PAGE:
The main opposition Maldivian Democratic Party conducted primaries across the country on Friday to select candidates for the local council elections due to take place on January 14.
MDP Deputy Chairperson Ali Niyaz said voting took place from 2:30pm to 9pm on 51 islands, including Malé, where ballot boxes for other constituencies were also placed for members residing in the capital.
Niyaz said voting proceeded smoothly but the party faced difficulties in Malé due to the lack of space. Polling stations were set up at the party’s office and meeting hall in the capital.
“People from all over the country had to go there as 51 ballot boxes for the 51 islands were kept there. We were unable to get another place,” he said.
According to provisional results announced at the polling stations, two-term Addu City Mayor Abdulla Sodiq and Malé City Deputy Mayor Shifa Mohamed were among the winners.
MDP Secretary General Anas Abdul Sattar said the official results will be announced shortly, after which the party will launch its campaign. Several members previously secured tickets by default without a contest as they were the only candidate.
The MDP is the only party to have conducted primaries so far. The elections commission today extended the deadline for accepting candidacy papers from November 15 to December 1.
The party will be campaigning in partnership with the Maldives United Opposition, an MDP-led coalition comprised of the Adhaalath Party and former top officials of the current administration.
The MDP will field candidates for 76 percent of the 653 atoll, island, and city council seats in contention with the rest ceded to its coalition partner Adhaalath Party. The allocation was based on seats already held by the party’s councillors.
The ruling Progressive Party of Maldives is meanwhile embroiled in internal strife with rival factions led by its deposed leader, former President Maumoon Abdul Gayoom, and his half-brother, President Abdulla Yameen, planning to field candidates.
Last month, the civil court stripped Gayoom of his powers as the party’s elected leader and handed control to Yameen, splitting the PPM into fully-fledged factions with the half-brothers presiding over rival governing councils.
After the supreme court upheld the controversial judgment, Yameen’s faction last week cleared out the PPM’s main office, removing furniture, documents and computers to new headquarters at the Dharubaaruge convention centre.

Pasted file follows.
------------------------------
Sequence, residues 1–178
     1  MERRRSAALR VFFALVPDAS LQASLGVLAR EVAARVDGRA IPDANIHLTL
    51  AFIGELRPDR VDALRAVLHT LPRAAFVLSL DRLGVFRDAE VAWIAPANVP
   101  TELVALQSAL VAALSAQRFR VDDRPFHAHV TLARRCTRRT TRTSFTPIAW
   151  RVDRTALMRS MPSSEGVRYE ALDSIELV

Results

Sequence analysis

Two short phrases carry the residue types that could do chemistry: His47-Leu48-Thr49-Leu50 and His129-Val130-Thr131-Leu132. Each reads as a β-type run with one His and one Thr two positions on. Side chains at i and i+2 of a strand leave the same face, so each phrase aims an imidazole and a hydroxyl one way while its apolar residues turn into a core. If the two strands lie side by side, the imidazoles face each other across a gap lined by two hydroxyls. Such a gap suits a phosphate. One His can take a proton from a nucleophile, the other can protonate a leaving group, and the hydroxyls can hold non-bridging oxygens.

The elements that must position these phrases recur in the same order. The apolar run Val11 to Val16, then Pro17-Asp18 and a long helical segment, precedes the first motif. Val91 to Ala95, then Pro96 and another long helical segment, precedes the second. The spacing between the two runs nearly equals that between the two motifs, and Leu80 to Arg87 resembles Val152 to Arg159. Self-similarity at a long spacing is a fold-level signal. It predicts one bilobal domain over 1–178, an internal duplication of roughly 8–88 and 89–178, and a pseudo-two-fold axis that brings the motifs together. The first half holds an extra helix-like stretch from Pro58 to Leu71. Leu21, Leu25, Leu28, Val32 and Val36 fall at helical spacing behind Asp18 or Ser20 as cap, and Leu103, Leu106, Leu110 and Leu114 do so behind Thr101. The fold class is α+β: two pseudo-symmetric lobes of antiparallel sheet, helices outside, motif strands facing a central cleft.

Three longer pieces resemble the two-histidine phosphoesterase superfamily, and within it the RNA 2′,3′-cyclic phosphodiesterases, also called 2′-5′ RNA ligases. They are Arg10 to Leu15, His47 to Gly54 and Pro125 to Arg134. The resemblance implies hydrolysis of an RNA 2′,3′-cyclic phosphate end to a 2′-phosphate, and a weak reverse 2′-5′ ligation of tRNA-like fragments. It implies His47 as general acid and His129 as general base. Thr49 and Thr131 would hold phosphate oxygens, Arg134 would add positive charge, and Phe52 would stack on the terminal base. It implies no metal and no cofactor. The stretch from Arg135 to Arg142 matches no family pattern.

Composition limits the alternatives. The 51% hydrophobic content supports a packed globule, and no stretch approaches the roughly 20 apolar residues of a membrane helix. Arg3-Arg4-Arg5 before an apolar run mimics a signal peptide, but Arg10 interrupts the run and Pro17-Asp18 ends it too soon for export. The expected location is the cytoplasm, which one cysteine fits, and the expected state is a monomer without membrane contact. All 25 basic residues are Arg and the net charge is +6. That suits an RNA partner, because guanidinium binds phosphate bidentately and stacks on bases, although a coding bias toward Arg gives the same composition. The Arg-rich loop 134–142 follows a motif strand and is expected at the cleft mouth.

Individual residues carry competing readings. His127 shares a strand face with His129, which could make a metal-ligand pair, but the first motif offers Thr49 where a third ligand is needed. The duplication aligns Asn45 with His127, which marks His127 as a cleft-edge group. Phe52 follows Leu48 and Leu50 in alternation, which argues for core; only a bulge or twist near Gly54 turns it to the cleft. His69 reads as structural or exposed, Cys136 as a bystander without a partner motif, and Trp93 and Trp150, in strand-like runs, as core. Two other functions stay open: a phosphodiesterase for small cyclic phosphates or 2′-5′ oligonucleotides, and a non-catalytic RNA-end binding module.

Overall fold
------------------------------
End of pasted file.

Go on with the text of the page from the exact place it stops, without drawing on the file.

The elections commission recognises the Yameen faction as the legitimate PPM.
Abdul Aleem, the Gayoom faction’s secretary general, told local media that some 257 application forms from members seeking the PPM ticket were among the documents cleared out from the office.
Several PPM members have since contacted the former president’s office and expressed interest in contesting as independent candidates endorsed by Gayoom, he said, asking for letters declaring support for their candidacy.
Others have said they remain loyal to Gayoom but would seek the PPM ticket from the Yameen’s faction as they believe it is necessary to win, Aleem said.
Several members have asked for letters from Gayoom declaring support for their candidacy, Aleem said, adding that the party’s council will decide how to proceed.
Gayoom, who has withdrawn support for the government, is also planning to travel across the Maldives to meet with supporters ahead of the polls.
The Yameen faction has meanwhile yet to decide on a date to hold primaries.
Dr Hussain Rasheed Hassan, a council member of the minority opposition Jumhooree Party, told the Maldives Independent that the party will hold primaries before November 15.
The JP’s leader and business tycoon, Gasim Ibrahim, threw his support behind Gayoom last week.
The 653 city, atoll, and island councillors to be elected in January for three-year terms is significantly fewer than the present count of 1,095 councillors.
According to the elections commission, 563 councillors will be elected to 179 island councils, 67 councillors to 18 atoll councils, and 23 councillors to three city councils.
Elected island, atoll, and city councils were introduced in the Maldives for the first time under the decentralisation law as mandated by the 2008 constitution. The first elections were held in February 2011.
In the previous local council elections held in January 2014, the MDP won 457 seats (41.5 percent) and the PPM won 281 seats (25.5 percent).
The PPM’s coalition partners at the time, the JP and the Maldives Development Alliance, took 125 seats (11.4 percent) and 59 seats (5.4 percent) respectively.
The Adhaalath Party secured 45 seats (4.1 percent) – including a majority in three councils – while the Dhivehi Rayyithunge Party won one seat (0.1 percent) and independent candidates won 132 seats (12 percent).
Voter turnout was 63 percent, well below the 90 percent turnout in the presidential election of November 2013.